War of the Rebellion: Serial 099 Page 1108 OPERATIONS IN N. C., S. C., S. GA., AND E. FLA. Chapter LIX.

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Augusta, Ga., February 6, 1865.

Major General J. F. GILMER,

Chief Engineer, Richmond, Va.:

GENERAL: In reply to your communication of the 26th ultimo, in relation to the repairs to the Georgia railroads, General Beauregard instructs me to say:

Firt. That he has been at all times ready to co-operate with Captain Grant and render him every aid and facility in his power. This willingness has been communicated to Captain Crant on several occasions.

Secoond. Delays in the prosecution of the work are sometimes unavoidable, and wherever any act of "impressment" on the ground of "military necessity" has arisen, the aurthority for the exercise of such a power has, in order to avoid delay, been given.

The engineers have only asked for such authority in two instances-the impressment of iron from the Augusta and Savannah and the Macon and Brunswick Railroads. The authority was granted in both cases. To-day an application was made for trnsportation of the iron, but military pressure for the tranportation of troops and suppliies is so great and meana so limited that a delay for several days in answering this call will ensue. But as soon as the necessity shall ceaste the means of transportation will be ordered.

Third. It is impracticable at plresent to order the removal of the iron from the Mayfield and Washington Branch Roads. They have now become lines of communication of the first importance. Washington and Abbeville may become our future base of supplies for the army in Virginia.

The Athems Branch is important as an auxiliary to the other roads. The order for the removal of the iron from the Mobile and Girard Railroad was recalled, because it was ascertained that only a few mules of Trail could be obrained from that road on the end near Columbus, the other portion of the road being laid with flat rail. It was deemed unnecessary to destroy the usefulness of the entire road for the few miles of iron which could be made available where no equipment could be obtained. In lieu of iron from this souree, the Fort Gaines road was resorted to.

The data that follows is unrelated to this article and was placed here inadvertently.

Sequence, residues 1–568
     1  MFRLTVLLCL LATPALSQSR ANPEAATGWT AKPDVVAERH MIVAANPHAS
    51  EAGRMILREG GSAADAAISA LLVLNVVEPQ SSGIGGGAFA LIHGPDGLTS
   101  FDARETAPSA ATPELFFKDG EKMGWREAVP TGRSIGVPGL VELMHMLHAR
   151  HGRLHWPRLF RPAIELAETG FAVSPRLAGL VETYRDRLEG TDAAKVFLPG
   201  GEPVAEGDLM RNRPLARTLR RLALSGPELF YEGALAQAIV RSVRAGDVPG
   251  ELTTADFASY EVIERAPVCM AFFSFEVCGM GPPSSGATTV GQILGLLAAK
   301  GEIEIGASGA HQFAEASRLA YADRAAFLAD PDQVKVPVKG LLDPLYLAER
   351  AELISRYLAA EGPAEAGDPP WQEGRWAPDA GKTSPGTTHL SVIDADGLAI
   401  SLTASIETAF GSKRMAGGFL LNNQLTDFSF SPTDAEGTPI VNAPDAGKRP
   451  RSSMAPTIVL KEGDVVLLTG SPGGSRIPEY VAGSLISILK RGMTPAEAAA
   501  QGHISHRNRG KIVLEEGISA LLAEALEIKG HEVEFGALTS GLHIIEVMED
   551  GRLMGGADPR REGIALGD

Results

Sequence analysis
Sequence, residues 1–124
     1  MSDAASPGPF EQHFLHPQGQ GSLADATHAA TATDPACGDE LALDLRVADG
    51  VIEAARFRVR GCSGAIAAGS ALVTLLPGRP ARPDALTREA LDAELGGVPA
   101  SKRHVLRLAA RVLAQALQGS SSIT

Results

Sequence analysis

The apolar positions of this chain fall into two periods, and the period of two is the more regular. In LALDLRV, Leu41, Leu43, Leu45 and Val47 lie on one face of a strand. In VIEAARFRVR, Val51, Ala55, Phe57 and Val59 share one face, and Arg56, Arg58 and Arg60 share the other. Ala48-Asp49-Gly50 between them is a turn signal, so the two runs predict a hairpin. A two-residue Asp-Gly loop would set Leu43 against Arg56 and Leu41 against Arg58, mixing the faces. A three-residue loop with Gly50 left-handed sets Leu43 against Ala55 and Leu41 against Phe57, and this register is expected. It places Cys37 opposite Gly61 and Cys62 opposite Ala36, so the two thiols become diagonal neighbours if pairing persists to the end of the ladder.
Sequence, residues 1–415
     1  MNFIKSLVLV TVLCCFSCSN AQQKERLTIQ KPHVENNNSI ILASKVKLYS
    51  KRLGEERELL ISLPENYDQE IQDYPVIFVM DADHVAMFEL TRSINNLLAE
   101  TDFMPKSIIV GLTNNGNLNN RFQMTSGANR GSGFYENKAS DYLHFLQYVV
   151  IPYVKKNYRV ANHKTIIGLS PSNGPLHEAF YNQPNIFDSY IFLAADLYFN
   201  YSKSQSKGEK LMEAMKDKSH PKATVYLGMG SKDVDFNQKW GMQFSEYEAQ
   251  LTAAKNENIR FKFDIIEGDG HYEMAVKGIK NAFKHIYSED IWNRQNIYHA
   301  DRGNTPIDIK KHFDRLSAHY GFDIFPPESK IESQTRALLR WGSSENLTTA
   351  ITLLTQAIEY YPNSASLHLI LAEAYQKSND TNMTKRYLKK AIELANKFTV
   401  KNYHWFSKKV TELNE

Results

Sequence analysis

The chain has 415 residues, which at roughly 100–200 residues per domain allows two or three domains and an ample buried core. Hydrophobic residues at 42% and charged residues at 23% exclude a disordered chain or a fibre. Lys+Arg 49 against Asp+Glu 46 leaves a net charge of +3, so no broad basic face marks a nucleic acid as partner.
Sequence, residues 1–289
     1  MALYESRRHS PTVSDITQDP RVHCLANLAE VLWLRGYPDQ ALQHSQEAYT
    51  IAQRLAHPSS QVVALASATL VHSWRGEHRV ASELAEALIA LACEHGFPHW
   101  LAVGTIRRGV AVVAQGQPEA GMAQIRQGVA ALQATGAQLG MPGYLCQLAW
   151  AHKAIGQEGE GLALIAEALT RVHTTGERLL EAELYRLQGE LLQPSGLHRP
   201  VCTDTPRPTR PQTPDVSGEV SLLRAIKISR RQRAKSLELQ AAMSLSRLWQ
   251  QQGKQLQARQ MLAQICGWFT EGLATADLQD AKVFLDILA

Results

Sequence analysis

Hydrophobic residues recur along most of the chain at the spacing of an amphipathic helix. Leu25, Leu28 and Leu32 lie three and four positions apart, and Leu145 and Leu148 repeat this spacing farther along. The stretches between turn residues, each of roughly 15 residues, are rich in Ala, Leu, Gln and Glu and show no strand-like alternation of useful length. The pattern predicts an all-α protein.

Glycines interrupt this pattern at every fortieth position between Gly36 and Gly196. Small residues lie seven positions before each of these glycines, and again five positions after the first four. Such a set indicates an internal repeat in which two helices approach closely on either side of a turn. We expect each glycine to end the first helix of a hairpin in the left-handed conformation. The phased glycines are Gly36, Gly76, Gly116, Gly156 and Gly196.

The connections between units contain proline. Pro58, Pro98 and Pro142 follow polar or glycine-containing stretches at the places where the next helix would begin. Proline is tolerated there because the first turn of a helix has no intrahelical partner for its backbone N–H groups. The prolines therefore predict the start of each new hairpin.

Fourth. General Beauregard directs me also to say that he is personally unacquainted with Captain Grant, who may be fully possessed of all the professional skill and intellighence accredidted to him, but that, judging of his energy by hhis results, the general feels bound to give credit to the general reputation of Captain Grant's "slowness," which rreputation extends from this place to Montgomery. In the same length of time Major Hottle has nearly repaired a length of road equal to that of time Major Hottle has nearly repaired a length of road equal to that under charge of Captain Grant, which the latter will not complete until the first or middle of April.

In conclusion, general, you may rest assured that every aid and facility in the power of General Beauregard will be given to Major Myers and Captain Grant to push forward their labors to rapid have the honor to be, general, respectfully, your obedient servant,


Colonel and Assistant Adjutant-General.